International art collectors “over the moon” with their latest New Zealand piece
April 10, 2017
Award-winning Wellington Artist Nadine Jaggi’s most recent couture art piece was commissioned by a Canadian couple.
Jaggi, who grew up in Lower Hutt and now lives in Upper Hutt, crafted the piece out of leather, working on it part-time for the last two years between jobs in the film industry and other creative endeavours.
Avid art-collectors Arnfinn Prugger and Lindsay Embree gave Jaggi an open brief for the costume piece to create whatever she wanted.
Prugger said he and his wife were “over the moon” with the final artwork. “I’m not sure what I expected, but it’s better than what I expected.”
They had bought a lot of art which had become part of their home such as banisters and wall mounted carvings, but never a stand-alone piece like this.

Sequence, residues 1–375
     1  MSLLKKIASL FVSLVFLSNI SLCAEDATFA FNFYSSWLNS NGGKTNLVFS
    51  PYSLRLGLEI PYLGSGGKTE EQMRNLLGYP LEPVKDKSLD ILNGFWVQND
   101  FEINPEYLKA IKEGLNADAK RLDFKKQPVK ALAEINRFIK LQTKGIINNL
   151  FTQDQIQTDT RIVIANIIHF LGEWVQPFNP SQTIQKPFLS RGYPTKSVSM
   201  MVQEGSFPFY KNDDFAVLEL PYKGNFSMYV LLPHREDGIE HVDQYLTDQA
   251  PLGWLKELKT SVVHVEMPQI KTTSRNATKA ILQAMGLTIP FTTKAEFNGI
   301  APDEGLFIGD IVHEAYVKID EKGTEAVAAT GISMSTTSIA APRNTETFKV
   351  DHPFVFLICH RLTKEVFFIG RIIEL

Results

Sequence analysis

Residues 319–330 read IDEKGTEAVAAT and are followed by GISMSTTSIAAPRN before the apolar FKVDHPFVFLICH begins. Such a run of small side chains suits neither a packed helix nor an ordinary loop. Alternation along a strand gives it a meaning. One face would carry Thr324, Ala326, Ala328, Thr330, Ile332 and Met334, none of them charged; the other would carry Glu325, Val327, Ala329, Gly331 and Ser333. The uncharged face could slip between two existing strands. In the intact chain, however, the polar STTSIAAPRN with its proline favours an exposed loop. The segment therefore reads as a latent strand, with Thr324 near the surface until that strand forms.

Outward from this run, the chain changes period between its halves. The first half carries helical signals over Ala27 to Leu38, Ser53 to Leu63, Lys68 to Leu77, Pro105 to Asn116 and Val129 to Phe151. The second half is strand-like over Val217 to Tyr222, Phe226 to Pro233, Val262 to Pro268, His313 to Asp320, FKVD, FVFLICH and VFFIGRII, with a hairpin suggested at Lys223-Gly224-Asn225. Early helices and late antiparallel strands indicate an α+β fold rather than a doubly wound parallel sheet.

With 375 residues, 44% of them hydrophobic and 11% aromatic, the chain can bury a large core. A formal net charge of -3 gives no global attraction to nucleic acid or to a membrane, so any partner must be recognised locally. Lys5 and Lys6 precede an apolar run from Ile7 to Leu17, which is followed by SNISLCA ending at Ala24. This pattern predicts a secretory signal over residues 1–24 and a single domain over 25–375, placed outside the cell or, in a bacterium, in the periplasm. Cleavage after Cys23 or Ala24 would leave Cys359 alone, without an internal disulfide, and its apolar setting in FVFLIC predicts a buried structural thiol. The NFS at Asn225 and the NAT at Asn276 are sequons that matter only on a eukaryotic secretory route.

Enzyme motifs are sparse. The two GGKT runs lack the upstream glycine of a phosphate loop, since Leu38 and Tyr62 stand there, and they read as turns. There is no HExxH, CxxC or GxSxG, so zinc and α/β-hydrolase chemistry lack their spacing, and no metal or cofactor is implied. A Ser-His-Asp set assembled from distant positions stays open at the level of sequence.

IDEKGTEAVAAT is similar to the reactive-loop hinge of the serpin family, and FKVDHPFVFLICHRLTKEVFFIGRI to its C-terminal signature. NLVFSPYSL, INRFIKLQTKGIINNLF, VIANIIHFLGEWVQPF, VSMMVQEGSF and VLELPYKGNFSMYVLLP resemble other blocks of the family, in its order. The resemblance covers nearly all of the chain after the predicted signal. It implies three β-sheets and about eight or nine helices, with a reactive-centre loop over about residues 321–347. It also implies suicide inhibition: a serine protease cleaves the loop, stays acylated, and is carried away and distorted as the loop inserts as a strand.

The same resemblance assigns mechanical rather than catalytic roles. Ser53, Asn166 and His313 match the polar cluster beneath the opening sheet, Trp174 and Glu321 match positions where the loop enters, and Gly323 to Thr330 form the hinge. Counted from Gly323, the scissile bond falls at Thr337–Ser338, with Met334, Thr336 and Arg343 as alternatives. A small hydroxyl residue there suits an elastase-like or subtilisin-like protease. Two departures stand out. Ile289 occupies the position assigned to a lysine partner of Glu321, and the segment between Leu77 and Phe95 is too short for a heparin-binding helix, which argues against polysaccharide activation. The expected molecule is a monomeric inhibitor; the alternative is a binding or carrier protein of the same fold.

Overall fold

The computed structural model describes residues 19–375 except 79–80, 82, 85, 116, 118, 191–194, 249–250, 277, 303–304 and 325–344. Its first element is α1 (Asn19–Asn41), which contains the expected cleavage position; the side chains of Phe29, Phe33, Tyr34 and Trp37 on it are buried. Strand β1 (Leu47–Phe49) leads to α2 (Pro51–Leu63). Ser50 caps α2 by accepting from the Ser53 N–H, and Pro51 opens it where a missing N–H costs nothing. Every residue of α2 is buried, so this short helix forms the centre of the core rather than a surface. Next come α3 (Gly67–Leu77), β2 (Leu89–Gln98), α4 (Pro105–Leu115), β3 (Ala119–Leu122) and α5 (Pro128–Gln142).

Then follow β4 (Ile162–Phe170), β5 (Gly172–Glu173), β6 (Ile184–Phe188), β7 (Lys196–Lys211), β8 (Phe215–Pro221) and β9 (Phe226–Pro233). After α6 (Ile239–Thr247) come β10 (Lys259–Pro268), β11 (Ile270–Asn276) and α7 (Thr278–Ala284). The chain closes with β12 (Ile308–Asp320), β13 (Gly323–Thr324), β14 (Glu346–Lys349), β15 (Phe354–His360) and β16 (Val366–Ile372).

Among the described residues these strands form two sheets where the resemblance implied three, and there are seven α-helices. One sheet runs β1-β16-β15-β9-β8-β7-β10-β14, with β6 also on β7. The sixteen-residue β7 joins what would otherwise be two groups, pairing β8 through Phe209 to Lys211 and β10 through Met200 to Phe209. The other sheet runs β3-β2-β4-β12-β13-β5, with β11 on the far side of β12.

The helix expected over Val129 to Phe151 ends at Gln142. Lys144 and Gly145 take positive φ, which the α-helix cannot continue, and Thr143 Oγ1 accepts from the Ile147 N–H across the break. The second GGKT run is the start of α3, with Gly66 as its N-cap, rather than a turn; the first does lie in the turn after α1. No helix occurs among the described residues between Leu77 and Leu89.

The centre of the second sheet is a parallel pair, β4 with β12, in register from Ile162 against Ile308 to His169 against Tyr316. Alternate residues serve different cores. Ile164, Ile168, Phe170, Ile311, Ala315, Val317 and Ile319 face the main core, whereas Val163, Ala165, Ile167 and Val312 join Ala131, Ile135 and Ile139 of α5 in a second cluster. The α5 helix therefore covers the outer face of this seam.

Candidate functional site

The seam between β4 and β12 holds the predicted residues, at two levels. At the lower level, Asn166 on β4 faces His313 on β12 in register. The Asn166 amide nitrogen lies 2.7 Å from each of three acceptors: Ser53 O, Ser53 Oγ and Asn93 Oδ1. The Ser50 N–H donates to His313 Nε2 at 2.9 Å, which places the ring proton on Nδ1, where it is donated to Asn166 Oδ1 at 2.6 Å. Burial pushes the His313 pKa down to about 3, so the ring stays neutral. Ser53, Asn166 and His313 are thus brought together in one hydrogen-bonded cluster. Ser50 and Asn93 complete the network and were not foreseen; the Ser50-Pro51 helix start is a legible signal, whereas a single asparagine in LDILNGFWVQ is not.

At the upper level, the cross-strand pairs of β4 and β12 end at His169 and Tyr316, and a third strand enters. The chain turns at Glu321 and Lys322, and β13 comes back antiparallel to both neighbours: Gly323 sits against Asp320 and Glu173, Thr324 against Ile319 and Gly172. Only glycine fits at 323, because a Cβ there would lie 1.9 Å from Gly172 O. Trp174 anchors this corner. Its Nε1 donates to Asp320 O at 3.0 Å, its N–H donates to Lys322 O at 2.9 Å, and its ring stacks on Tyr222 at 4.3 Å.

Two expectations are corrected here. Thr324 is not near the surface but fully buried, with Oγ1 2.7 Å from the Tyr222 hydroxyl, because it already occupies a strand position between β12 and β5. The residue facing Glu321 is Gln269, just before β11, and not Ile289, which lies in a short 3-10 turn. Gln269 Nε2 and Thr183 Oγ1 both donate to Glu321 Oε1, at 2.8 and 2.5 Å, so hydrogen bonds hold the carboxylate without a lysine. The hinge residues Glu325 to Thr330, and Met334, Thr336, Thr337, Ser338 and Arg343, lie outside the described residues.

He said it was going to be displayed on a mannequin in the only cat-free room in their home in Saskatchewan.
Prugger, an appreciator of the arts, and Embree, an artist, were travelling New Zealand and in Nelson when they saw Jaggi’s piece Ornitho Maia, which took out the supreme award at the 2008 World of Wearable Arts.
Later in the trip they happened to meet WOW winner Jaggi by chance while on a tour of Weta Workshop where she was the tour guide. Since then, their relationship has grown through biennial artistic collaborations in Whangarei and Saskatchewan, where craft artists come together from around the world to experiment and create using new mediums.
Prugger and Embree help to fund a scheme which sends artists from New Zealand to Saskatchewan on odd years, and brings artists from Saskatchewan to Whangarei on even years.
Jaggi was happy to make a piece for people like Prugger and Embree who “keep the art world going”.
“I just feel so privileged that it’s going to such good hands,” she said.
Although Jaggi’s primary medium is leather, this piece features Swarovski crystals and pearls – an influence from her friend and 2004 WOW winner, the late Claire Prebble.
Jaggi was particularly inspired by a gift from Prebble which was an artwork called Resting Wings. “The wing became a motif throughout the piece,” she said.